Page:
Cet ouvrage fait partie de la bibliothèque YouScribe
Obtenez un accès à la bibliothèque pour le lire en ligne
En savoir plus

Cause-specific mortality patterns among hospital deaths in Thailand: validating routine death certification

De
12 pages
In Thailand, 35% of all deaths occur in hospitals, and the cause of death is medically certified by attending physicians. About 15% of hospital deaths are registered with nonspecific diagnoses, despite the potential for greater accuracy using information available from medical records. Further, issues arising from transcription of diagnoses from Thai to English at registration create uncertainty about the accuracy of registration data even for specified causes of death. This paper reports findings from a study to measure validity of registered diagnoses in a sample of deaths that occurred in hospitals in Thailand during 2005. Methods A sample of 4,644 hospital deaths was selected, and for each case, medical records were reviewed. A process of medical record abstraction, expert physician review, and independent adjudication for the selection and coding of underlying causes of death was used to derive reference diagnoses. Validation characteristics were computed for leading causes of hospital deaths from registration data, and misclassification patterns were identified for registration diagnoses. Study findings were used to estimate cause-specific mortality patterns for hospital deaths in Thailand. Results Adequate medical records were available for 3,316 deaths in the study sample. Losses to follow up were nondifferential by age, sex, and cause. Medical records review identified specific underlying causes for the majority of deaths that were originally assigned ill-defined causes as well as for those originally assigned to residual categories for specific cause groups. In comparison with registration data for the sample, we found an increase in the relative proportion of deaths in hospitals due to stroke, ischemic heart disease, transport accidents, HIV/AIDS, diabetes, liver diseases, and chronic obstructive pulmonary disease. Conclusions Registration data on causes for deaths occurring in hospitals require periodic validation prior to their use for epidemiological research or public health policy. Procedures for death certification and coding of underlying causes of death need to be streamlined to improve reliability of registration data. Estimates of cause-specific mortality from this research will inform burden of disease estimation and guide interventions to reduce avoidable mortality in hospitals in Thailand.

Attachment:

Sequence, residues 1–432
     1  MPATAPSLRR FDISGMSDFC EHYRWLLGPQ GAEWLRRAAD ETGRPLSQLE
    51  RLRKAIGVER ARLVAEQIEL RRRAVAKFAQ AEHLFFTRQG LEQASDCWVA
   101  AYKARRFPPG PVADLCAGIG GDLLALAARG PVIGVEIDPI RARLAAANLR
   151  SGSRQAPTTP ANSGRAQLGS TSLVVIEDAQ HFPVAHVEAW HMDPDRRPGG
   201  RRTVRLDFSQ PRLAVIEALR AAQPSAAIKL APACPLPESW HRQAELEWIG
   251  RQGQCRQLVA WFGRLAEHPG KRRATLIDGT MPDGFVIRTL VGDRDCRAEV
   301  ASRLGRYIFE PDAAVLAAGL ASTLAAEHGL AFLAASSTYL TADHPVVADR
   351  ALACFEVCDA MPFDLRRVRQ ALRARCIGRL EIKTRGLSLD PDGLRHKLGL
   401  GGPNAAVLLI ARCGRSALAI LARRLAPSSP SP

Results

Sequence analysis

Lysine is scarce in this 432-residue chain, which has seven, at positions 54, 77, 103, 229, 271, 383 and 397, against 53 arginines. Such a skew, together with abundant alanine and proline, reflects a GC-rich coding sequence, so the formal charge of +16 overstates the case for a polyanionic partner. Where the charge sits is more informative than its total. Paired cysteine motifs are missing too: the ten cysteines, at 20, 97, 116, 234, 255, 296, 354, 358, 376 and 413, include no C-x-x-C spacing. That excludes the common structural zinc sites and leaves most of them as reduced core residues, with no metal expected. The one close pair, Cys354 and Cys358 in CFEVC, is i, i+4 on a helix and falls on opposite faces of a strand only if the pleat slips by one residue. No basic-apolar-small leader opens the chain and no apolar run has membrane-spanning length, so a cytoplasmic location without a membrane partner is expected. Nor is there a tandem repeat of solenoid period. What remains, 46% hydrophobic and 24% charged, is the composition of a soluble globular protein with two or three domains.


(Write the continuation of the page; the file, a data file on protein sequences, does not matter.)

Voir plus Voir moins
Pattaraarchachaiet al.Population Health Metrics2010,8:12 http://www.pophealthmetrics.com/content/8/1/12
R E S E A R C HOpen Access Research Cause-specific mortality patterns among hospital deaths in Thailand: validating routine death certification
1 23 45 Junya Pattaraarchachai, Chalapati Rao*, Warangkana Polprasert, Yawarat Porapakkham, Wansa Pao-in, 4 2,6 Noppcha Singwerathumand Alan D Lopez
Introductiondiseases or conditions that occur in a chronological and The optimal source of information on causes of death inpathophysiological sequence terminating in death, as well populations is vital registration data based on medicalas the mention of associated diseases or conditions that certificates of cause of death, issued by attending physi-are not directly linked to the causal sequence [1]. In each cians. The World Health Organization (WHO) has pre-case, the listed causes are usually based on the attending scribed a standard form for the medical certificate ofphysician's firsthand knowledge of the illness and circum-cause of death, which allows for the listing of multiplestances leading to death or on information derived from available medical records that support any observations during the terminal phase. In some instances, deaths in * Correspondence: c.rao@sph.uq.edu.au 2 School of Population Health, University of Queensland, Brisbane, Australia hospitals are also subjected to pathological autopsies to Full list of author information is available at the end of the article © 2010 Pattaraarchachai et al; licensee BioMed Central Ltd. This is an Open Access article distributed under the terms of the Creative Commons Attribution License (http://creativecommons.org/licenses/by/2.0), which permits unrestricted use, distribution, and repro-BioMedCentral duction in any medium, provided the original work is properly cited.